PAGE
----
Azerbaijan International

Spring 2001 (9.1)
Pages 25-27

Resolving Nagorno-Karabakh
Can It Be Done?

by Yoko Hirose

Ms. Yoko Hirose (Master of Law), a graduate student in the University of Tokyo's doctoral program, was among the first four recipients of a newly established grant - the Akino Memorial Research Project on Central Asia from the United Nations University (UNU) in Japan.

Photo: In May 1994, a ceasefire was signed between Armenia and Azerbaijan. But each year, hundreds of casualties still result.

The first fellowships were awarded in 1999. This past year (February 2000 to March 2001), Yoko lived in Baku conducting research on the topic of "The Nagorno-Karabakh Conflict: In Search of a Peaceful Settlement of Ethnic Conflict in the Former USSR".

In April 2001, she returned to Tokyo for her new responsibilities as Research Fellow for the Japan Society for the Promotion of Science, Graduate School of Law and Politics at the University of Tokyo. Here Yoko shares her insights into the conflict between Azerbaijan and Armenia and what she thinks are the prospects for reaching a peace settlement.

This past year, I have been living in Baku and conducting research about the Nagorno-Karabakh conflict. It's been so valuable to interview scholars, journalists, politicians, diplomats, refugees and students about their opinions related to the conflict, from both the Azerbaijani and Armenian sides.

Azerbaijan's Stand
The Azerbaijani explanation of the conflict is basically as follows: They consider Nagorno-Karabakh as part of their motherland, the birthplace of brilliant artists, poets and composers. Now it has fallen prey to Armenian nationalism; many Azerbaijanis have been killed but the remainder have been driven out of the region - their homeland. They consider their ancestors to be Caucasian Albanians, who were the aboriginal inhabitants of the region.

Azerbaijanis say that historical documents prove that Armenians were transplanted en masse to the region quite recently - only 2.5 to 3 centuries ago.

Azerbaijanis believe Armenians have no legitimate right to insist on independence or in uniting Nagorno-Karabakh directly to Armenia itself. However, Azerbaijanis are willing to allow some autonomy, especially in the use of the Armenian language - not only officially, educationally and culturally - but also in mass media.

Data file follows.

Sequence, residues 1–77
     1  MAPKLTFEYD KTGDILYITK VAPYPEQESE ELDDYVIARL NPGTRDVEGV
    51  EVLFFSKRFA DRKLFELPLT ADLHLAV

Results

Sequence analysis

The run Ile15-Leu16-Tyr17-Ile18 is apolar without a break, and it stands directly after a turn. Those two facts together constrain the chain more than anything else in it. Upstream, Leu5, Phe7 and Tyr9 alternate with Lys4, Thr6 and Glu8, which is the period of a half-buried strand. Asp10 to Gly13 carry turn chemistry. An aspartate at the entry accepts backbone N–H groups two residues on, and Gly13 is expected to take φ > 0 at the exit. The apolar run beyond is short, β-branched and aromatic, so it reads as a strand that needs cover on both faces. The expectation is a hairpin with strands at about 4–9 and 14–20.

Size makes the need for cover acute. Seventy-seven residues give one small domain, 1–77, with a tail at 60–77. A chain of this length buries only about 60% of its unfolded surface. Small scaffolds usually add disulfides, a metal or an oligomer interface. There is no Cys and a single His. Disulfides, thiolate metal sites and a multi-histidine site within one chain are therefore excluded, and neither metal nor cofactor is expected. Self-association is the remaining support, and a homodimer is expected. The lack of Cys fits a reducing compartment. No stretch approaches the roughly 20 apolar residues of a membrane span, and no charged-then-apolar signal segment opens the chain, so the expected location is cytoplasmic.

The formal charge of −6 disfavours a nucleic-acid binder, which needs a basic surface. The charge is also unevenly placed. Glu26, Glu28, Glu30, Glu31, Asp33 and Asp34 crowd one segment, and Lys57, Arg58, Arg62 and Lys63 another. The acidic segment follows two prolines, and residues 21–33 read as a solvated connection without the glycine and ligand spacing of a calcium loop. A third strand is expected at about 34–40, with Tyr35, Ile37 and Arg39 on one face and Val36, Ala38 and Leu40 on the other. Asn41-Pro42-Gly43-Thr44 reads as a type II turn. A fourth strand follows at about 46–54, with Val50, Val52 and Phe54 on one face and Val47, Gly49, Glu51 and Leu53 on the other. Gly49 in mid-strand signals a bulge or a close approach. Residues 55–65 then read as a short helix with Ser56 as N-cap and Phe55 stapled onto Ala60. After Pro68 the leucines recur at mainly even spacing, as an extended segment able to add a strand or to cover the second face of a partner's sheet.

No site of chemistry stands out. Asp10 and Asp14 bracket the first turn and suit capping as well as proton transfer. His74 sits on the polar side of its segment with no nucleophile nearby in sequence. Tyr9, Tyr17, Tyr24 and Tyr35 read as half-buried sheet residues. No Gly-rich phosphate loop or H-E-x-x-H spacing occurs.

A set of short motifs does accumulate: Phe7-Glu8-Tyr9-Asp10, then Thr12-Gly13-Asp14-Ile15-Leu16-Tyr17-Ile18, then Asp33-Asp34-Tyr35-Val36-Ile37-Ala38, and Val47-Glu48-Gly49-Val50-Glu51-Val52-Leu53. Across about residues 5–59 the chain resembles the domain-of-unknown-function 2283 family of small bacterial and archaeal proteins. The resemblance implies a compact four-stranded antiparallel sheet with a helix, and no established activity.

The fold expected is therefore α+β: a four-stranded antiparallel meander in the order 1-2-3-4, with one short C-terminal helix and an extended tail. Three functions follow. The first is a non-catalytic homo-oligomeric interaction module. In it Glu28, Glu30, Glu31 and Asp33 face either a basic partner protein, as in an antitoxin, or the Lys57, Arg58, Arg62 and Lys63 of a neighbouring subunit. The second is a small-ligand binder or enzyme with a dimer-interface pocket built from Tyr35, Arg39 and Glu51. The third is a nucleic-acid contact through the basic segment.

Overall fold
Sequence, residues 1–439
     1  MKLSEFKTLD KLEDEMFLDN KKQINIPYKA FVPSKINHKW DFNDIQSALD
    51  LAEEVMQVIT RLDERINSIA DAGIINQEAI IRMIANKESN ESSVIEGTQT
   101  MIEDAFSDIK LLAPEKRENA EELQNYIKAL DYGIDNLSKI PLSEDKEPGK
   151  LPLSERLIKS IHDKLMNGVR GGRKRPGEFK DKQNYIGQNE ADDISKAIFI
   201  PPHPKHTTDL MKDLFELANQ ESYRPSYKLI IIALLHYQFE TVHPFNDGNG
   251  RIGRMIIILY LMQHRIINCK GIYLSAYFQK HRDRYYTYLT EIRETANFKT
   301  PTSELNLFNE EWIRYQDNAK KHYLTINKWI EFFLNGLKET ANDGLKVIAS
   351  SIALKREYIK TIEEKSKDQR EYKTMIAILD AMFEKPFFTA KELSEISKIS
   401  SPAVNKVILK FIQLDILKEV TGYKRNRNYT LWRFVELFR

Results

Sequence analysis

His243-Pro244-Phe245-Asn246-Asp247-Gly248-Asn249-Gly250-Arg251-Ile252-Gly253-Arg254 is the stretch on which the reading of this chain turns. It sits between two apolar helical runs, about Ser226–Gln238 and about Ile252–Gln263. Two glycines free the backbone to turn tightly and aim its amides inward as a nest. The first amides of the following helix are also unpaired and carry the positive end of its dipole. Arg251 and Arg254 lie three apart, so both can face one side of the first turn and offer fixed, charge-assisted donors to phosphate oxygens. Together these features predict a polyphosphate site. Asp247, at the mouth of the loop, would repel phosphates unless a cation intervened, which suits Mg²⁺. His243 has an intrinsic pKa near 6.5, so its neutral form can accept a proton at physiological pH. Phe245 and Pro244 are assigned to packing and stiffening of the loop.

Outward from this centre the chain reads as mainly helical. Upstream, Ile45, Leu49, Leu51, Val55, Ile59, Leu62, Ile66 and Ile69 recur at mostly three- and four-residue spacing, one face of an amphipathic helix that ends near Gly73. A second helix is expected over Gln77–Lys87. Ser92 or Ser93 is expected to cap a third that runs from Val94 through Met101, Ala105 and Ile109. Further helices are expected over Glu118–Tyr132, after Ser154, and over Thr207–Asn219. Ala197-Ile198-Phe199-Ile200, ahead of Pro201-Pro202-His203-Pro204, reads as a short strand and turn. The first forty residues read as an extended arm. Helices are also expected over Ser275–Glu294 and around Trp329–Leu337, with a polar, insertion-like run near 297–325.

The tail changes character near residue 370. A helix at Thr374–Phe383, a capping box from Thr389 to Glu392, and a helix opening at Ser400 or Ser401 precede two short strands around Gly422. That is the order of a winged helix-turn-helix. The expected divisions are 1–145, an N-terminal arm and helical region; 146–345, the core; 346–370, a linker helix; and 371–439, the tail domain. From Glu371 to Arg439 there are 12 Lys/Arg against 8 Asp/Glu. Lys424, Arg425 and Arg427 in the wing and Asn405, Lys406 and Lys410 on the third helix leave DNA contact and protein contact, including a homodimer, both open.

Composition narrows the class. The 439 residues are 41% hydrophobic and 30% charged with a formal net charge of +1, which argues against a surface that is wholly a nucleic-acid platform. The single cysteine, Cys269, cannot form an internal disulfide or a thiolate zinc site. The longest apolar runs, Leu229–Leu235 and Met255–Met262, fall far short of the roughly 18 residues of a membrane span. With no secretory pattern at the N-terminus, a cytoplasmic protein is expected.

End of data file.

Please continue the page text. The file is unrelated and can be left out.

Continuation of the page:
Azerbaijanis told me that they used to get along well with Armenians as neighbors. Proof of that reality is the considerable number of couples who intermarried (usually Azerbaijani men with Armenian women). But then this problem of land acquisition began to erupt just as the Soviet Union was collapsing (late 1980s). Of course, roots go back to the early decades of this century, even before the Soviets took power. Many Azerbaijanis told me how Armenians who had been living in Azerbaijan had suddenly disappeared without even saying goodbye [1988-1991], even those who had been their closest friends. Even now, many Azerbaijanis cannot comprehend how attitudes changed so quickly and became so hostile.

Another important factor that duly affects the developments related to war and its peaceful resolution center on the events that took place in Sumgayit. Mystery and rumors still shroud the events that took place there on February 28-29 in 1988, when 26 Armenians were killed (along with 6 Azerbaijanis and 1 Lezgin), according to the official count.

However, this doesn't stop the Armenians from using the outbreak of violence in Sumgayit as their rationale for attacking and seizing Nagorno-Karabakh. However, the Azerbaijanis posit that the Sumgayit incidents were masterminded and instigated, not by Azerbaijanis, but in a well-calculated plan carried out by the KGB and Armenian terrorists.